Who cares about what other people think? Despite the contemporary mantra that it doesn’t matter, most of us care a great deal about how others see us. People will go to extraordinary lengths to protect their reputation. In fact, many are willing to sacrifice life and limb to save face.
In a survey, 40 percent of respondents said they would choose a year in jail and a clean reputation over no jail time and a criminal reputation. In another, over half said they would rather die than have a lifetime reputation as a child molester. Seventy percent said they would rather lose a hand than be thought of as a Nazi sympathizer. Of note, these surveys were conducted online and were, by definition, hypothetical.
Do the findings hold up in the real world? To find out, researchers asked volunteer college students to take a test that assesses racism. The researchers gave a number of the students falsely high scores and then presented them with a choice—either an email with the results of the racism test would be sent out to the campus at large or they could submerge their hand in a bucket filled with disgusting writhing worms. Thirty percent chose the worms (think Survivor). Over 60% held their hands in ice cold water to prevent the incriminating email from being sent out. As you can imagine, many of the students doubted the email threat, so it is likely that the number would have been much higher if the students truly believed their reputations were at risk.
Why does reputation matter so much? The answer lies beyond the individual. If you have a reputation as a cheat, nobody wants to do business with you. If you have a reputation as a liar, nobody trusts you. Our very existence and survival depends on being accepted by the communities in which we live. No wonder blackmailers manage to extort exorbitant sums from their victims. Over time, a tarnished reputation may be repaired, but, as Joseph Hall observed, the damage is rarely forgotten:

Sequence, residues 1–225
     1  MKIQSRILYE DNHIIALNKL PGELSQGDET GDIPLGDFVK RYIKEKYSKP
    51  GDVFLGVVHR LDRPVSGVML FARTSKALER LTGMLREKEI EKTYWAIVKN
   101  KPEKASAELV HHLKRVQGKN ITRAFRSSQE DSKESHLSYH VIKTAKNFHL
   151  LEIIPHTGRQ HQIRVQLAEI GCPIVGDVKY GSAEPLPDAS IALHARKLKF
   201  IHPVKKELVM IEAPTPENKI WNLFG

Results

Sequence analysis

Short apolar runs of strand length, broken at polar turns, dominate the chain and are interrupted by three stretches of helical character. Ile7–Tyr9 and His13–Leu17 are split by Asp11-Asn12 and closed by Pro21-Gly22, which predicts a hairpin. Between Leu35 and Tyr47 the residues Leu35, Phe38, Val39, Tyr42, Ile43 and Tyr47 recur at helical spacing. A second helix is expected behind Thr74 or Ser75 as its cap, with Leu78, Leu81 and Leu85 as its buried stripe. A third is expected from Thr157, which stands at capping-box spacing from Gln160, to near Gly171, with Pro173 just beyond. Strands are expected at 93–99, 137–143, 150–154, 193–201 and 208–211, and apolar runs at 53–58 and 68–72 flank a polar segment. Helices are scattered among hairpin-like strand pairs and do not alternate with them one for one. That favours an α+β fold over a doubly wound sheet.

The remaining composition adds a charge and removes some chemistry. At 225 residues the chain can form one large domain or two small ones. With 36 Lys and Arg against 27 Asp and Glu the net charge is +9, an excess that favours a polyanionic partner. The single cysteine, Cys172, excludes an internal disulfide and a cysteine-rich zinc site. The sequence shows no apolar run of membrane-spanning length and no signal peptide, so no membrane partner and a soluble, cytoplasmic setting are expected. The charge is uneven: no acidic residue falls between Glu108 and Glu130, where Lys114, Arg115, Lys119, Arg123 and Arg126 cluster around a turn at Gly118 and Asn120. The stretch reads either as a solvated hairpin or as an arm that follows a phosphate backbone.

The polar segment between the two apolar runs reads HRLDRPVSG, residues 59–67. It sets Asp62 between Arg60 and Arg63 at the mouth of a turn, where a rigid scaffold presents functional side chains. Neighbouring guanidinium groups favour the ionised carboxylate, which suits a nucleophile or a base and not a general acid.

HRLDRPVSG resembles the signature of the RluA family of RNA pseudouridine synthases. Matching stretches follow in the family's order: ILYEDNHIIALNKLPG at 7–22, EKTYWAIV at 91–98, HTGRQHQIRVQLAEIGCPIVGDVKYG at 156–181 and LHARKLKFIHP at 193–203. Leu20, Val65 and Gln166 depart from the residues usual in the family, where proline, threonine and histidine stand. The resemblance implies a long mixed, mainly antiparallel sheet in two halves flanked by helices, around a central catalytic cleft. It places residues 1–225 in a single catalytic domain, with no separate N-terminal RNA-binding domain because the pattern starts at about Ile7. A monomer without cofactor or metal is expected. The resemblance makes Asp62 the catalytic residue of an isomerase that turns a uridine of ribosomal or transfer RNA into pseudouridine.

“A reputation once broken may possibly be repaired, but the world will always keep their eyes on the spot where the crack was.”
For the most part, the desire to maintain a good reputation promotes moral behavior. But it’s a double-edged sword. The threat of exposure or losing one’s honor can take a dark turn and lead to immoral behavior.
Even children are not immune to the pressure to maintain a certain reputation. As a recent study demonstrates, children who were praised for being smart ( i.e. “You are so smart!”) were more likely to cheat than children who were praised for their performance on a specific task (i.e. “You did very well this time.”).
Professor Li Zhao of Hangzhou Normal University in China, explains that if children are told they are smart, they feel pressure to live up to these expectations and are willing to cheat in order to maintain a reputation for being smart. Instead of complementing your child’s brilliance, comment on the behavior instead. They are more likely to repeat it.
It is important to point out that there is a different between reputation and character. As Abraham Lincoln observed, “Character is like a tree and reputation its shadow. The shadow is what we think it is and the tree is the real thing.”
Yes, character is the real thing. Never sacrifice your character in an attempt to save your reputation.
I wish you all the best,
Dr. Samantha Boardman